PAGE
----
EdStat: There are Over 500 Medium- and High-Poverty Census Tracts across the Country without Nearby Charter Elementary Schools
The Opportunity Zone program might help make these “charter school deserts” fewer and farther between.
The Opportunity Zone program, part of the 2017 tax reform package, might be able to help.
EdStat: The Annual Rate of Charter School Growth has Reached an All-Time Low: a 1 Percent Increase in Charter Schools between 2017 and 2018
Our EdNext authors propose a few ways to regain momentum.
A new federal tax incentive could hold the key to spurring billions of dollars in investment in low-income areas with limited access to quality public charter school options.
EdStat: The Average Increase in the African American Concentration Experienced by an African American Transfer Student was 3.8 Percent
Charters don’t seem to be solving the problem of school segregation and, in some cases, are making it a little worse.
A review of Choosing Charters: Better Schools or More Segregation?
While there is no set script for charter leaders to follow as they consider the next chapter for their organizations, there are proven processes, tools, and best practices they can access to chart their course.
Negative headlines about DCPS may be drowning out the story of the success of public charter schools in D.C.
Charter school principals are more diverse than principals of district schools, but far less diverse than the students they serve.
How the mom-and-pops can help the sector diversify and grow
Texas districts can use Title I resources to start new schools rather than just work to turn around low-performing ones.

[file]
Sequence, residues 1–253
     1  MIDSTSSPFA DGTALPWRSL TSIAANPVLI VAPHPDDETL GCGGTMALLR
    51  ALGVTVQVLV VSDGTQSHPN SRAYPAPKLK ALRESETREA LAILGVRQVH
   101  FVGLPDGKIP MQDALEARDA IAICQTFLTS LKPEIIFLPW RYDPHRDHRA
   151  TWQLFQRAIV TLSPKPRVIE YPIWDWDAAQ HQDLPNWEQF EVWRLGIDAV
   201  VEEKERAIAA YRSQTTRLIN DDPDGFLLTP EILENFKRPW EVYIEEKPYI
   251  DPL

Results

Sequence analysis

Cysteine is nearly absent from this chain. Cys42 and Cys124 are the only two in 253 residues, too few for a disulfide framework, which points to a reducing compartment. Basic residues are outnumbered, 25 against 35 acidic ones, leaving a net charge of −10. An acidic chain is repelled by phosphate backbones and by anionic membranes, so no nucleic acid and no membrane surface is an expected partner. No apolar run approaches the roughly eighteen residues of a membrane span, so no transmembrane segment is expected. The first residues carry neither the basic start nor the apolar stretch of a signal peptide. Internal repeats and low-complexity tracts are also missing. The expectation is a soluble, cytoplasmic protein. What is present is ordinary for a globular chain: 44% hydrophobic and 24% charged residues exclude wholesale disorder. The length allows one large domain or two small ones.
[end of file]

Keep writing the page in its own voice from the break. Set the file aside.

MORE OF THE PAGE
On Thursday, March 29 at 5:30 pm, the Harvard Graduate School of Education hosted an Askwith Debate on whether charter schools enahnce or undermine equity.
Charters are making a rebound—at least among Republicans and African Americans.
EdStat: Charter Schools Received $3,509 Less on Average in Annual Funding per Student Than District Schools in 2011
Even though charter schools and district schools receive equal funding from the state, charters generally receive less funding per student.
When charter schools opt out of state retirement plans, they usually offer their teachers an alternative.
EdStat: 76 Percent of Indiana’s Private Schools Participate in the Indiana Choice Scholarship Program
Roughly 76 percent of Indiana’s private schools take part in the Indiana Choice Scholarship Program, including almost 100 percent of Indiana’s Catholic schools.
States’ teacher pension plans have been managed so poorly that they’re now underfunded by $500 billion.
With 19 percent of its public-school students enrolled in charter schools, Arizona was the state with the highest percentage of charter-school students in 2014.
In 19 states, charter schools can offer their teachers an alternative to state retirement plans.
From the Editor: Some highlights from the Spring 2018 issue of Education Next
Charter sectors have a lot more control over their teacher pipelines than they realize.
The spillover effects of charter schools in New York City